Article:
Doughnut chain Dunkin’ Donuts came under fire last week in Thailand for an ad campaign showing an Asian woman painted in blackface to promote a new chocolate flavored product. Word spread quickly on social media, which was quickly followed by outrage and accusations of racism against the campaign. While the CEO of the Thai franchise quickly dismissed the allegations, the official US website reportedly issued an apology.

Saksith Saiyasombut spoke with Siam Voices contributor Kaewmala about the brouhaha surrounding the ad campaign, the subsequent outrage and the subject of racism in Thailand.

Thailand Blackface Doughnut Ad

A Dunkin' Donuts advertisement showing a smiling woman with bright pink lips in blackface makeup is seen on a SkyTrain in Bangkok. Pic: AP.

Saksith Saiyasombut: So, here we go again – another Thai advertisement showing people painted in blackface, followed by a backlash, and the ad is pulled. Do you find this ad offensive?

Kaewmala: At first sight I was taken aback, though I can’t say I was offended. The poster did remind me of the clownish blackface stereotype of black Americans. I thought it was stupid as it would likely offend some people, though not many in Thailand. It’s certainly provocative.

S: It seems that the outrage and subsequent coverage this time around was mostly from media abroad (e.g. Buzzfeed, TIME magazine) while the head of the Thai Dunkin’ Donuts franchise in Thailand (a Lebanese expat) dismissed this as “absolutely ridiculous” and “paranoid American thinking”. Does he have a point?

K: Not exactly. I agree that it is ‘American thinking’, but ridiculous and paranoid? I don’t think so. It’s American thinking because it is born in the American context where there was historically a real subjugation and oppression of black people as slaves and later second-class citizens, and racism against blacks still persists today. The “blackface” represents that very unpleasant aspect in not-so-distant history, so I personally don’t find it difficult to understand the negative reaction.

However, this Dunkin’ Donuts ad is not simply black-or-white. If you look at the commercial, it shows the model being originally white and when she eats the donut she turns black. I don’t imagine the ad makers had the idea to emulate the offensive American blackface when they were making the video. The ad poster unfortunately comes out looking like a Thai version of the offensive American blackface. Intended or not, it’s like an American pointing a foot at a Thai person, say, in Los Angeles.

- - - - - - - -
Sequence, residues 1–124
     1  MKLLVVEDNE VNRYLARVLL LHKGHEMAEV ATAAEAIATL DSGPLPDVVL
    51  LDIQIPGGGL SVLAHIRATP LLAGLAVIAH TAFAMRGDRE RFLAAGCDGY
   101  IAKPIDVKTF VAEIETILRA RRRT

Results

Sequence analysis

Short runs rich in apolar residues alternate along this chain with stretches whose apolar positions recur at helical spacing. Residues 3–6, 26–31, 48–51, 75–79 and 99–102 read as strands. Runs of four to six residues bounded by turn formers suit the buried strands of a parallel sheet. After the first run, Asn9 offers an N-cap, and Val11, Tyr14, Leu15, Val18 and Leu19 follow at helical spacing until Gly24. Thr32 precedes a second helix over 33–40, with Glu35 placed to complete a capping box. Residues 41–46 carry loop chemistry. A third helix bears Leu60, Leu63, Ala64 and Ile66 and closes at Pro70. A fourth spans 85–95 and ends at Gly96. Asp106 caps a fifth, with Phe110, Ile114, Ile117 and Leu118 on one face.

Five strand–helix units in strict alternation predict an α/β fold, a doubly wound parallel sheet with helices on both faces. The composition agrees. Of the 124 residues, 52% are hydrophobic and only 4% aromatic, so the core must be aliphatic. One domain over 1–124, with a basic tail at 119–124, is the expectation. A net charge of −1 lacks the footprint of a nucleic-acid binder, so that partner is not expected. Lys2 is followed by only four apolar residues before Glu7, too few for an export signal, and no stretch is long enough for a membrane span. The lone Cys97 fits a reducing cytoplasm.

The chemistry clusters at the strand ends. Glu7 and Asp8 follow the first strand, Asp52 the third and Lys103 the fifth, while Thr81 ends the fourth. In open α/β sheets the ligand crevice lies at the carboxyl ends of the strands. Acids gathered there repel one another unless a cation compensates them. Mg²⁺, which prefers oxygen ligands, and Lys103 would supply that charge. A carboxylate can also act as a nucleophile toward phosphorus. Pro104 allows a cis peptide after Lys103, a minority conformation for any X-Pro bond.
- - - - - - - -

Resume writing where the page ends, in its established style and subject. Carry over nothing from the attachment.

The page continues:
S: That’s what many people say – this ad was made in Thailand for the Thai market. What do you have to say to this?

K: That’s globalization for you. Cultural taboos slip across borders these days and every so often we have a cross-border cultural faux pas for a real-time drama. Many Thais were recently upset about the Buddha toilet in the Netherlands, and Thais have offended Jewish people many times over with recurrent Hitler and Nazi mishaps. Certainly there are different degrees of offense and different levels of stupidity and ignorance involved, but it’s not always easy to determine where the line is between overanxious political correctness and sensible cultural sensitivity and freedom of expression.

I find the reactions in Thailand quite educational. There have been many discussions and debates on this over the past few days and reactions are wide-ranging. From what I have seen the majority of people – both foreign and Thai – on Thai social media don’t seem to think the ad is racist. One thing that many Thais and foreigners living in Thailand agree on, however, is that the ubiquitous Thai advertisements of skin whitening products are more offensive. And I think this is a more salient point in the Thai context, and I’d argue not unrelated to this ‘blackface’ ad.

S: Almost exactly a year ago, you wrote on the issue of beauty perceptions in Thai culture, especially in the context of the prevalence of whitening products. How do you see that in relation to the current controversy?

K: It certainly is an undercurrent which many people sensitive to prejudices against dark skin point to in this particular case, even if they don’t think the Dunkin’ Donuts ad is racist. But before that let me say what I find more telling in the ad: the fact that the model is the daughter of the Thailand CEO of Dunkin Donuts! This nepotism is much more Thai than the blackface faux pas – even though the CEO is Lebanese. I wonder about the possibility of the model in the CEO’s beautiful daughter’s place being a beautiful dark-skinned Isaan girl from Surin. What do you think? Would potential Charcoal donut-buying Thais find her as attractive as the CEO’s daughter? Why is the Thai entertainment industry full of fair skinned people, often of mixed Asian-Caucasian parentage or East Asian looks?